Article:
Date of Conferral
Doctor of Education (Ed.D.)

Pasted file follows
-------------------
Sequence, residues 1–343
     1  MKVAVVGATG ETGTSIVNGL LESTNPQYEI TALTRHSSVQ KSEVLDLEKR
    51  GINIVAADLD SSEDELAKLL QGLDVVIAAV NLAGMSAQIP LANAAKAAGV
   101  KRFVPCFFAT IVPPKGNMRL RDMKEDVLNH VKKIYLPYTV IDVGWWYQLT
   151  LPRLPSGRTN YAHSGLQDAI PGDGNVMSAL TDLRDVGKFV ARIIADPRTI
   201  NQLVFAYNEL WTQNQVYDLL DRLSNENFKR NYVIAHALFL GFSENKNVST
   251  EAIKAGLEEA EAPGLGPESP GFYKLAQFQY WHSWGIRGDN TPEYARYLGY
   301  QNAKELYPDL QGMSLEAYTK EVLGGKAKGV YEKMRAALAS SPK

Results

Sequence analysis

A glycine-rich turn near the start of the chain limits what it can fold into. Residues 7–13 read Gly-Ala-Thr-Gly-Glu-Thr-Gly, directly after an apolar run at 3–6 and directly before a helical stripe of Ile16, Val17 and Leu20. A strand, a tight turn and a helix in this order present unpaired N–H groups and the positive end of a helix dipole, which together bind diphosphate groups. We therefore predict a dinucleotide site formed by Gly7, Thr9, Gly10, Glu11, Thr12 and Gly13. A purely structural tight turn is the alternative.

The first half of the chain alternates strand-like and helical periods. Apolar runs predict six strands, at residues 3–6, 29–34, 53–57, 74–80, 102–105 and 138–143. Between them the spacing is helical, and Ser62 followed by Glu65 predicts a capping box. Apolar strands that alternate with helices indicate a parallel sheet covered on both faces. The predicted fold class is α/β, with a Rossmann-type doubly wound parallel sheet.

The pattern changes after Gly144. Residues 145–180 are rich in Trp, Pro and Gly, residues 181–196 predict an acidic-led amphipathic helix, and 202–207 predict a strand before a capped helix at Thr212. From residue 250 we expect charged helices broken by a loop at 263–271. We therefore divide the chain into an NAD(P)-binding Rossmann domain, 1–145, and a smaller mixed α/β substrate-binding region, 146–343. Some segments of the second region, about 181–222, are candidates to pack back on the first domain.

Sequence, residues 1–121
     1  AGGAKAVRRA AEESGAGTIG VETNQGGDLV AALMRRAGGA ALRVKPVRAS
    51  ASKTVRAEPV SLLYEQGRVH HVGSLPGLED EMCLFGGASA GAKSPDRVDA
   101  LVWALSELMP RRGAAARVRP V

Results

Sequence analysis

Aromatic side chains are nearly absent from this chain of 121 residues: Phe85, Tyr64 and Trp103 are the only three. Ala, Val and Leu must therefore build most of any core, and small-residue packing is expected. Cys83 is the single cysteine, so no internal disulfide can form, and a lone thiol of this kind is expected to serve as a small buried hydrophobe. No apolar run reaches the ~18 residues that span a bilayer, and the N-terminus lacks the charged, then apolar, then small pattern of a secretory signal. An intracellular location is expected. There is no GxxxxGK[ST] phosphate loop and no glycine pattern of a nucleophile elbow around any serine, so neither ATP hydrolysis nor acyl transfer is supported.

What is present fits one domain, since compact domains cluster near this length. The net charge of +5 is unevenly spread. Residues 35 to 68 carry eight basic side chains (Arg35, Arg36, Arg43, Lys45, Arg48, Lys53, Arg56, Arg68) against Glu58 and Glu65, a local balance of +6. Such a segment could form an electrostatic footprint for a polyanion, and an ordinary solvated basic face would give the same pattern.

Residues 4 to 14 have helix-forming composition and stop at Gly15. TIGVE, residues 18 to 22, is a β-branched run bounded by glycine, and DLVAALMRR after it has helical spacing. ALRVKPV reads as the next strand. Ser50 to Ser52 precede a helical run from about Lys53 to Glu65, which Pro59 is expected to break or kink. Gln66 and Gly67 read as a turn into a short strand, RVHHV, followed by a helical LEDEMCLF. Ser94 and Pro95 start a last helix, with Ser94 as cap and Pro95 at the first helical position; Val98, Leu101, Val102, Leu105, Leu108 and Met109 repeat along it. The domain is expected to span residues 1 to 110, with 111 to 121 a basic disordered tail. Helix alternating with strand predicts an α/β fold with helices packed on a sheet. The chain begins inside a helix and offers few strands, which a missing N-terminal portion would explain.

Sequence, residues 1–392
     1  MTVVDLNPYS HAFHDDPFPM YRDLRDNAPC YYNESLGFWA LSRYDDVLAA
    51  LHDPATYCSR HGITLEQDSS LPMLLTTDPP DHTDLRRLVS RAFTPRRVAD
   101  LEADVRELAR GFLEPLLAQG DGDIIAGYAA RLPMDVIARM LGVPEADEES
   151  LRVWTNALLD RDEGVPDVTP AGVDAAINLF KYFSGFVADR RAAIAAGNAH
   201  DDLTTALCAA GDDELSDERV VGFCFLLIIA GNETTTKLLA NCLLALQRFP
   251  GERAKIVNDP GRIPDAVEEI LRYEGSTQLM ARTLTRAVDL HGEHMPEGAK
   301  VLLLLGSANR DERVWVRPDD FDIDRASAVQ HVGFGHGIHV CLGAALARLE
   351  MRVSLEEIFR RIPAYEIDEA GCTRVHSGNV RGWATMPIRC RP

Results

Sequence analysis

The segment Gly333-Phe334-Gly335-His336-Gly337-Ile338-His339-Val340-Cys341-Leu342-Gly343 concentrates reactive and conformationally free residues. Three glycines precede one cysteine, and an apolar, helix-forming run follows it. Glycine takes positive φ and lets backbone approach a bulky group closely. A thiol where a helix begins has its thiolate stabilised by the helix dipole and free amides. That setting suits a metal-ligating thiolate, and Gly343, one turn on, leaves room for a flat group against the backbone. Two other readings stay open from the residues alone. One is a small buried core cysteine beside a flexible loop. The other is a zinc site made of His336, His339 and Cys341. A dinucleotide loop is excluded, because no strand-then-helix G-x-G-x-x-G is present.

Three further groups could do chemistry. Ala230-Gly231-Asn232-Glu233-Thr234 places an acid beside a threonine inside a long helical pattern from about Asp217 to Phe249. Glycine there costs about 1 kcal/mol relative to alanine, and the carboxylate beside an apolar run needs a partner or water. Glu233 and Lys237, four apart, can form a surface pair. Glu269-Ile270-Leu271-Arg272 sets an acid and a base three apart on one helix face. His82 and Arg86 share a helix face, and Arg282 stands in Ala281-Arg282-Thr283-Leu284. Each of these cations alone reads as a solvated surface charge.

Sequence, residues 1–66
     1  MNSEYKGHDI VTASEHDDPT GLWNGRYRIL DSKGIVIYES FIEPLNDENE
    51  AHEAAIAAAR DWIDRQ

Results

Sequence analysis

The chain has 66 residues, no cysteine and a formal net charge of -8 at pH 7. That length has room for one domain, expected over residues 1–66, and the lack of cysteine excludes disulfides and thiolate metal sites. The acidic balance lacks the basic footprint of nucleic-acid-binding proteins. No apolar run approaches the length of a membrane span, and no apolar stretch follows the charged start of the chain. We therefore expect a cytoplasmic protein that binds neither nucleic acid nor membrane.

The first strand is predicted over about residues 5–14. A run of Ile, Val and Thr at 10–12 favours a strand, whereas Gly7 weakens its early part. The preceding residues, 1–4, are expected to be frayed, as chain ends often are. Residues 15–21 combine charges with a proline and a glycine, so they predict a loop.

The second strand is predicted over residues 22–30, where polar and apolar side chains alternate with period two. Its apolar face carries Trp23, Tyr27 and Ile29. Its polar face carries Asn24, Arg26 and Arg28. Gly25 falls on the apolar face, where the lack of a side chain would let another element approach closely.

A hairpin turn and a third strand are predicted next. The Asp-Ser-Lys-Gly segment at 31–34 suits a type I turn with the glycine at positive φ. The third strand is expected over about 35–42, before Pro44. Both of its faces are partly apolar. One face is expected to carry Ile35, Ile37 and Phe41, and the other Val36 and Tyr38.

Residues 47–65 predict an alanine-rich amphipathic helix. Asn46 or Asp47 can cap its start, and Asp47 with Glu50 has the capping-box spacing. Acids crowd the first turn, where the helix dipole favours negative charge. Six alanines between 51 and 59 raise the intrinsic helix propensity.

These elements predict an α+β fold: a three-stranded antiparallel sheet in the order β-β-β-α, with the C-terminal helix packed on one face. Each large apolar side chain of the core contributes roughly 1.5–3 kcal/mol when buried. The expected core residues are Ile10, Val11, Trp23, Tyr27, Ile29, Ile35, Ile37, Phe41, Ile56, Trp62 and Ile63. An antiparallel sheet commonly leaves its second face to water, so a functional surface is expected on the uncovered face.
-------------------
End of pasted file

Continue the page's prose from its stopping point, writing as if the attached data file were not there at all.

Medication errors are a global concern that may affect patients' hospital stays, patients' lives after discharge, treatment costs, and mortality rates. Understanding medication errors among nursing students may help in preventing these errors as nurses are responsible for safe medication administration. The purpose of this descriptive phenomenological study was to examine upper-level nursing students' understanding of and experiences with medication administration and patient safety. Benner's nursing theory of novice to expert and Dreyfus's model of skill acquisition comprised the conceptual framework. Research questions focused on students' perceptions of safe medication administration. Face-to-face interviews were conducted with 7 upper-level nursing students from a baccalaureate nursing program in the Southeastern U.S. utilizing convenience sampling. Colaizzi's analysis strategy was followed in determining themes and clustering data into categories. Three major themes emerged from the data that included learning curve referring to the rigor of the pharmacology course, gaining self-confidence, and reliance on preceptor. Two sub-themes were identified from the theme learning curve, which included fear of making a mistake causing harm to a patient, and appreciating the complexity of the working environment and the intricacy of the patients. Using study findings, a hybrid pharmacology and medication administration course for nursing students was developed. The course may improve nursing students' confidence in their skills and knowledge and enable them to provide a safer environment for patients. Implications for positive social change include a potential reduction in medication errors and related adverse outcomes experienced by patients and their families and by health care organization.